China's 1st Mars rover will get one of these 10 names, and you can vote to select the winner

China's Tianwan-1 Mars rover is pictured at the "Mars yard," a simulated Red Planet testing ground at the China Academy of Space Technology in Beijing, China.
China's Tianwan-1 Mars rover is pictured at the "Mars yard," a simulated Red Planet testing ground at the China Academy of Space Technology in Beijing, China. (Image credit: CCTV)

China is holding a 40-day public vote to help select the name for its Mars rover which is currently closing in on the Red Planet.

The public can now vote for their favorites from a shortlist of 10 names for the Tianwen-1 mission rover.

The 10 names — Hongyi, Qilin, Nezha, Chitu, Zhurong, Qiusuo, Fenghuolun, Zhuimeng, Tianxing and Xinghuo — are taken from ideas including Chinese mythological figures, Confucian concepts and legendary animals.

Related: China's Tianwen-1 Mars mission in photos 

Notably Hongyi, from the Confucian Analects, can be translated to "persistence" or perseverance, giving a similar meaning to the NASA Perseverance rover also heading for Mars. Others meanings include: 

  • Zhurong: a god of fire
  • Qilin: a Chinese unicorn
  • Chitu: red rabbit
  • Qiusuo: to explore, referencing an ancient poem
  • Zhuimeng: to pursue a dream
  • Nezha: a mythological hero
  • Fenghuolun: Nezha's weapons
  • Tianxing: referring to the motion of celestial bodies
  • Xinghuo: spark

The Lunar Exploration and Space Engineering Center belonging to the China National Space Administration (CNSA) announced the shortlist on Jan. 18 after soliciting suggestions after the mission launched in July last year.

China's Tianwen-1 mission includes both an orbiter and a rover, and the spacecraft are due to enter orbit around Mars on Feb. 10

The rover will not attempt its landing until around May. The orbiter will image the landing site and determine the conditions on the ground in preparation for the landing.

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China's Tianwen-1 Mars probe is seen by a tiny camera ejected from the spacecraft in a photo captured 15 million miles from Earth. (Image credit: CNSA)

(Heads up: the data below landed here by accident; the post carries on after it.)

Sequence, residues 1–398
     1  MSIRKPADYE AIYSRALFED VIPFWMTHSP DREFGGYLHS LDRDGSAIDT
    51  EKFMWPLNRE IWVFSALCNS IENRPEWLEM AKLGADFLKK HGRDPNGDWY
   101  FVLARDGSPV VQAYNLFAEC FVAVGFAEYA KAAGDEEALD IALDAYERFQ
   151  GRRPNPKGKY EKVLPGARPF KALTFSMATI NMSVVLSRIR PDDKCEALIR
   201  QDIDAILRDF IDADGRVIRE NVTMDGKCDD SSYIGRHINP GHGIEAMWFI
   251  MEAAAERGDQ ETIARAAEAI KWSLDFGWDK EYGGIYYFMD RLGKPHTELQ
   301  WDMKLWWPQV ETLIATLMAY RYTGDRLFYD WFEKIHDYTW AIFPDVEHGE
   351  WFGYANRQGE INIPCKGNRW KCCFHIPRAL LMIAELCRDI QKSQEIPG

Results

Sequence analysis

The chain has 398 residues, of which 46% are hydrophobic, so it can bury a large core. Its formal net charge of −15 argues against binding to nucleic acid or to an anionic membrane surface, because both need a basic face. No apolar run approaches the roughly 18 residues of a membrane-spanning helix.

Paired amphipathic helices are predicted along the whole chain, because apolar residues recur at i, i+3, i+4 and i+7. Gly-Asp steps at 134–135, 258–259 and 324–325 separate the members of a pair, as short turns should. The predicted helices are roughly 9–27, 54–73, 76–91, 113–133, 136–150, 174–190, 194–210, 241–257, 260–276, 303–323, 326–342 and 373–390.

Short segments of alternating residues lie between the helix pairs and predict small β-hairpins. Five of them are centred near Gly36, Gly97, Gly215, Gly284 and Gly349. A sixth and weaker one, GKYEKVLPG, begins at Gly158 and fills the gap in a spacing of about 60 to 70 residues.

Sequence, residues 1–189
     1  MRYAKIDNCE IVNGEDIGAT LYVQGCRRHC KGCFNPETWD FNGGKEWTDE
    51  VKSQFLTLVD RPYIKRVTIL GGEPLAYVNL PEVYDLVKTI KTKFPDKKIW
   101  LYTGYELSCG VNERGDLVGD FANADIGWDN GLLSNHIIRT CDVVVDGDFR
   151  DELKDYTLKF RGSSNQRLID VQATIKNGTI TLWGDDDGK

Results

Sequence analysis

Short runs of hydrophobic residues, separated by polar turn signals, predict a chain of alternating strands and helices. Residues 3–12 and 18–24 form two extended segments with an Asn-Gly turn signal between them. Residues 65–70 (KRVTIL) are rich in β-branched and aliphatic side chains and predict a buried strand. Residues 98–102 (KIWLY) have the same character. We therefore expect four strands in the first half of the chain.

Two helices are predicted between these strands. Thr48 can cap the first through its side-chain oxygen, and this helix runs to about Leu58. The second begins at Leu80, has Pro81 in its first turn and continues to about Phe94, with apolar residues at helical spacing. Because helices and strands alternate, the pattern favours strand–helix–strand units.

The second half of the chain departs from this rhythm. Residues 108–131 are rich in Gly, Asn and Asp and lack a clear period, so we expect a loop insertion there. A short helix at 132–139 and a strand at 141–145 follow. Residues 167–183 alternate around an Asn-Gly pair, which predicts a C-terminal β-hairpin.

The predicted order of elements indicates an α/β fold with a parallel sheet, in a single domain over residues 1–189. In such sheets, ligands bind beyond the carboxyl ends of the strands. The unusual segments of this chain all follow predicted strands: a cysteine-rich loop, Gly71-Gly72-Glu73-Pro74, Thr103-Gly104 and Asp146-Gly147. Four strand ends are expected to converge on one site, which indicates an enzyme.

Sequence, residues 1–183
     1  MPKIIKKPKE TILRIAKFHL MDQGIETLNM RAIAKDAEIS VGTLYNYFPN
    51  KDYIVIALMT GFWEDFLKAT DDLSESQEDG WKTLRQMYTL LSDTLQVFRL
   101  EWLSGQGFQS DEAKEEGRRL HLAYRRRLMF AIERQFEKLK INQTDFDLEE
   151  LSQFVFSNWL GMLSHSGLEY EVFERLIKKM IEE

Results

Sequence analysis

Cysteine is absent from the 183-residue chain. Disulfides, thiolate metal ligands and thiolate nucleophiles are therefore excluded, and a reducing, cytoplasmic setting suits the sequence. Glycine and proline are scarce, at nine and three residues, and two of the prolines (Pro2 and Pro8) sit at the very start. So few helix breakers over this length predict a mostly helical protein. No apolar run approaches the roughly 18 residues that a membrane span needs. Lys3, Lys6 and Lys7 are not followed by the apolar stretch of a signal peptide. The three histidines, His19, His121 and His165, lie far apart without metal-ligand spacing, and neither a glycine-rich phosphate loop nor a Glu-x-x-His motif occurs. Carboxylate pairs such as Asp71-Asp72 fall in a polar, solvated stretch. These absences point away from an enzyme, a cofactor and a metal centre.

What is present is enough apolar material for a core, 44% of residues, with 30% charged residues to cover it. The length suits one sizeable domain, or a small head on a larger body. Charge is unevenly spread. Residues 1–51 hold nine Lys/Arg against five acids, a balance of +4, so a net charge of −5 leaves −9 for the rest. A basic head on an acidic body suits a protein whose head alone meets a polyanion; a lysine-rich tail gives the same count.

If it lands successfully the roughly 530-lb. (240 kilograms) solar-powered rover will investigate the surface soil characteristics and potential water-ice distribution with its Subsurface Exploration Radar instrument. The rover also carries panoramic and multispectral cameras and instruments to analyze the composition of rocks.

The Tianwen-1 mission and the chance to name the rover have generated a fair amount of attention. 

"More than 1.4 million entries have been received from 38 countries and regions since we initiated the naming campaign in July 2020. Over 200,000 of them are eligible. The netizens' active participation shows their great care for the Mars mission," Yuan Foyu, director of the naming campaign for China's first Mars rover, told CCTV.

The vote is being hosted by Chinese internet giant Baidu with a deadline of Feb. 28. Judges will then deliberate and announce a final name sometime before the landing.

Tianwen-1 is China's first independent interplanetary mission and it also draws its name from history, with "Tianwen" meaning "Heavenly Questions" or "Questions to Heaven," being taken from a poem written by Qu Yuan (around 340-278 BCE).

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Andrew Jones
Contributing Writer

Andrew is a freelance space journalist with a focus on reporting on China's rapidly growing space sector. He began writing for in 2019 and writes for SpaceNews, IEEE Spectrum, National Geographic, Sky & Telescope, New Scientist and others. Andrew first caught the space bug when, as a youngster, he saw Voyager images of other worlds in our solar system for the first time. Away from space, Andrew enjoys trail running in the forests of Finland. You can follow him on Twitter @AJ_FI.